When it comes to the length of your CV, less is more! If you are a graduate or someone who has a small amount of experience, one page is a suitable length for your CV. For anyone else more experienced, we advise a 2-page maximum length. The content of your CV should be career-specific and should include only relevant skills and experience. Check out these different examples of effective CVs - traditional, entry-level, career change, management, international and more!   

  • Stay specific to your sector

The appearance of your CV can differ significantly depending on your job sector and background. For example, someone who has been working in Advertising for the past 10 years may have a more traditional-looking CV than someone who has just graduated in Digital Marketing. As we have mentioned previously, a good CV should highlight your key skills and tell the recruiter exactly why they should hire you.

Therefore, if you are a Graphic Designer, you should incorporate your design skills and experience into your CV. Without drawing the attention away from the content of your CV, you can add some personal branding to your CV to show off your creative abilities. Here are some examples of CVs per sector to give you an idea of how yours should look!

 

The Structure Of Your CV

 

Although some recruiters may be open to a slightly different order, this order is recognised by most recruiters across Europe and most recruitment technology. We recommend following the structure below and sticking to a maximum length of 2-pages.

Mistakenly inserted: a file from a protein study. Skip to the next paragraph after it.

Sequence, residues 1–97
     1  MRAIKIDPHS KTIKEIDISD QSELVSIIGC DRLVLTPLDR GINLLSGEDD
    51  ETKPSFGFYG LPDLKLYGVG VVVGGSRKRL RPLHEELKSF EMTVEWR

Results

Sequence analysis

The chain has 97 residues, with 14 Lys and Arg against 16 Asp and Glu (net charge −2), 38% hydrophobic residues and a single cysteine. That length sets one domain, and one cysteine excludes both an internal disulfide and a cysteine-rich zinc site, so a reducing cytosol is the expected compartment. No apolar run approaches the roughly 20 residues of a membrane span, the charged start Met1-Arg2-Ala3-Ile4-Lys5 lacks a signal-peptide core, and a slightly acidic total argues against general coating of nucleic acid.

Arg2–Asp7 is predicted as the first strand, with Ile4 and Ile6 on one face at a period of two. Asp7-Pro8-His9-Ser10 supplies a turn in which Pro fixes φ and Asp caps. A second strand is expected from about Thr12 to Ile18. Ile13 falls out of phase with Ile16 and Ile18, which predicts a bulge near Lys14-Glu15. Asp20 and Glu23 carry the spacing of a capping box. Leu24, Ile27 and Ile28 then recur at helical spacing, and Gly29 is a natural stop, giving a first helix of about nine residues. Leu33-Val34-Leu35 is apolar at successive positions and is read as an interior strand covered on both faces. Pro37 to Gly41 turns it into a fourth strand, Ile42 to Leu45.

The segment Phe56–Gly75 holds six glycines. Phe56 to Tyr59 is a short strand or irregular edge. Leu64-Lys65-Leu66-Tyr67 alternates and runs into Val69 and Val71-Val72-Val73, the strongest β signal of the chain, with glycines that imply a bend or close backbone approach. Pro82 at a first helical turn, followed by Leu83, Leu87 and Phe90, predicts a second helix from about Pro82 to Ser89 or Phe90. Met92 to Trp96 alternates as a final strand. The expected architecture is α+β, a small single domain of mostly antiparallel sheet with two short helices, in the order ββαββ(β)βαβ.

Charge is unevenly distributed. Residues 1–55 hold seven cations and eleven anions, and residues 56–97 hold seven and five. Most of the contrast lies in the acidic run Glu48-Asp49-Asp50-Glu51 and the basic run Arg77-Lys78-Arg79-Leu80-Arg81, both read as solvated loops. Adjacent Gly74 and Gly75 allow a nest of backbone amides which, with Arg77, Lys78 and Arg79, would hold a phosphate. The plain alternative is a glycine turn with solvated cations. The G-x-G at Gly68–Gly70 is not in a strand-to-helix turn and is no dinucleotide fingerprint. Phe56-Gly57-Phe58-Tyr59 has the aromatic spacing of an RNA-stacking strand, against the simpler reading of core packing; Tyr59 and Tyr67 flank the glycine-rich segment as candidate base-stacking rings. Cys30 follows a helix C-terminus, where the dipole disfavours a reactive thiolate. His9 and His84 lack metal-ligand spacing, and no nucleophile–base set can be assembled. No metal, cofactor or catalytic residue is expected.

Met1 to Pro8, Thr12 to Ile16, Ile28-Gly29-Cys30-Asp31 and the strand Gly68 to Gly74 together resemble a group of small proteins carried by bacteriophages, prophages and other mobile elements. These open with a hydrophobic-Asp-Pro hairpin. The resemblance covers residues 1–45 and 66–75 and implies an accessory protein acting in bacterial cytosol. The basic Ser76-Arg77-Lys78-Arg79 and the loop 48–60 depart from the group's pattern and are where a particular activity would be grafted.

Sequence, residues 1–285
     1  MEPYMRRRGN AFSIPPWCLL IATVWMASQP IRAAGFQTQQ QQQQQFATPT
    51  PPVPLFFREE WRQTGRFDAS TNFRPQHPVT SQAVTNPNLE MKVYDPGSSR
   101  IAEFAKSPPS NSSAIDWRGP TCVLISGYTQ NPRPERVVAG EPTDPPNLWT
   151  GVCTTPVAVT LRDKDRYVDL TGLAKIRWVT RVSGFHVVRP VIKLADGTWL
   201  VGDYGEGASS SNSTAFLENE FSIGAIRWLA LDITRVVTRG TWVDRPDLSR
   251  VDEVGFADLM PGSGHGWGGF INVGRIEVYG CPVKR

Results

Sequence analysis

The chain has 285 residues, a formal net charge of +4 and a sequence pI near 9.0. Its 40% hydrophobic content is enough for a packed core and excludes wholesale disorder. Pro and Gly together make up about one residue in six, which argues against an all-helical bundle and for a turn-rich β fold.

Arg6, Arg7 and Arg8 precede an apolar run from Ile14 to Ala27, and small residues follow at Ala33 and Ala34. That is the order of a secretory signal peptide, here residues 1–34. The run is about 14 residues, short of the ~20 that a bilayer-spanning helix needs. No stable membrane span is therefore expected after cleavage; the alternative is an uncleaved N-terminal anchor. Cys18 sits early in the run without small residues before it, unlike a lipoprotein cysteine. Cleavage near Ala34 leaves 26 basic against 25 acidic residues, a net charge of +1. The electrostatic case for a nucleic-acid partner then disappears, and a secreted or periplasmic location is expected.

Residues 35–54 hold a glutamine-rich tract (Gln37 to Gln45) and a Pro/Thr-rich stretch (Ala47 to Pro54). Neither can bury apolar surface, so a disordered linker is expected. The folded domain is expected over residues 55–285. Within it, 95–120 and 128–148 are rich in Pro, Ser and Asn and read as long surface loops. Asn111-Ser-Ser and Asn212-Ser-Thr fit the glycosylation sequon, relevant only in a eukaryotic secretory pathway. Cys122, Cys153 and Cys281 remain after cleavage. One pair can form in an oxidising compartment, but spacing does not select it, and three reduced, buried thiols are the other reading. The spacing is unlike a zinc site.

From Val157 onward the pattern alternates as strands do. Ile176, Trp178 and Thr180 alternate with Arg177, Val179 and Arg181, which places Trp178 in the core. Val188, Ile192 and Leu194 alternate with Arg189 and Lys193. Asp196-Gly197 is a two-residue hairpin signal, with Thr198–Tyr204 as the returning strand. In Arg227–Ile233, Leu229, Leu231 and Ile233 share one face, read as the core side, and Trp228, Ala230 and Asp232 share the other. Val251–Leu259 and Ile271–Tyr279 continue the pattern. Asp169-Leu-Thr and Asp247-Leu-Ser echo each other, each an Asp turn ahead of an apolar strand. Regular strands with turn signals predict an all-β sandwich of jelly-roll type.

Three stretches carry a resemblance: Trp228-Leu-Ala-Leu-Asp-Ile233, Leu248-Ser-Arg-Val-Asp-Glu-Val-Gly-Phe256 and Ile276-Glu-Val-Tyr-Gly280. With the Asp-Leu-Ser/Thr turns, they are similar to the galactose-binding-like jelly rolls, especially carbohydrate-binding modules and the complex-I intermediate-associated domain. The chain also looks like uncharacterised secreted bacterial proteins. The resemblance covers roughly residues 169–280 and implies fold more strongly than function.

1. Your Contact Details

Include your key contact details; Name, address, phone number/s, email address, and one or two relevant URLs - LinkedIn, WordPress etc. 

2. Personal Summary/Header

We recommend writing your CV from either a 1st or 3rd person perspective. Use this summary section to outline what you can offer and why you are suited to this position. Make sure that you tailor this summary to each role that you apply for. If you are thinking of changing careers or you are just starting your career, use this section to explain why you are changing your career and what skills you hope to apply in your new career.

  • Example: Career change: I have worked in the Banking industry for 5 years. Recently, I have decided to take a Master's in Marketing in order to change my career path. I plan to transfer my Analytical skills into my new career as an SEO Assistant...